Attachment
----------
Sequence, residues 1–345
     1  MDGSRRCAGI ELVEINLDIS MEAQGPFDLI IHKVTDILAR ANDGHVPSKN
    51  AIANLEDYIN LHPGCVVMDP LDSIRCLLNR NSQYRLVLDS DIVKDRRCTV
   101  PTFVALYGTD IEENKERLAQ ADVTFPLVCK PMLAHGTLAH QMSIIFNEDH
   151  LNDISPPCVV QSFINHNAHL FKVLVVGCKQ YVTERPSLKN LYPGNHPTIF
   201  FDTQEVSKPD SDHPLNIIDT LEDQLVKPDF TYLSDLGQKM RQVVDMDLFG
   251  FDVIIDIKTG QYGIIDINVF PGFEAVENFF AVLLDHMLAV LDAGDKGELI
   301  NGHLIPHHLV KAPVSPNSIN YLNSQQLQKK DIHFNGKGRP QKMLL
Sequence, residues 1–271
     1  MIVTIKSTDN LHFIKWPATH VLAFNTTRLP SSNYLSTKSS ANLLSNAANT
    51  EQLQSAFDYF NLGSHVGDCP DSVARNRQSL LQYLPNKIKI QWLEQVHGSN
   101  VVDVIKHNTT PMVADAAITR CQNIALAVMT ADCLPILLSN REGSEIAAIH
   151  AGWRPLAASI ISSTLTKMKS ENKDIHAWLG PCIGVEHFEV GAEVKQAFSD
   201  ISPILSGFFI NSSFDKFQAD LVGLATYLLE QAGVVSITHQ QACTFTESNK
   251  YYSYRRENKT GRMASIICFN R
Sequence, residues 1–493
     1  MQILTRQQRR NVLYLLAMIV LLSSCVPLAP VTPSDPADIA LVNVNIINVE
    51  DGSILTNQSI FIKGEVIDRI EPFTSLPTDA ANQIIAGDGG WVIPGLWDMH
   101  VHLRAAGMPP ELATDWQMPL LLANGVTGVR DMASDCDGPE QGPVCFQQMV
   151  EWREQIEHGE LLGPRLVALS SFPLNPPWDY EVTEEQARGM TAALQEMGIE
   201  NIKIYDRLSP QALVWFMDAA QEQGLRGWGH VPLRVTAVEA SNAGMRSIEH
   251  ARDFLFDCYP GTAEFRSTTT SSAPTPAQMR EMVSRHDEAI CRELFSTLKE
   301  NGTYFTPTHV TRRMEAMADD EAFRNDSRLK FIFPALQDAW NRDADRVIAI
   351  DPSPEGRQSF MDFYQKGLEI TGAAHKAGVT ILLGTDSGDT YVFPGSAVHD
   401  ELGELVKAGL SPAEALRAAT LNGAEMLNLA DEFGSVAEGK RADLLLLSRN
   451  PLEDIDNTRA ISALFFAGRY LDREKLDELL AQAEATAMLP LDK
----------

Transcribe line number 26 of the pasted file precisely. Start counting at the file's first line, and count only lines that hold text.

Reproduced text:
   451  PLEDIDNTRA ISALFFAGRY LDREKLDELL AQAEATAMLP LDK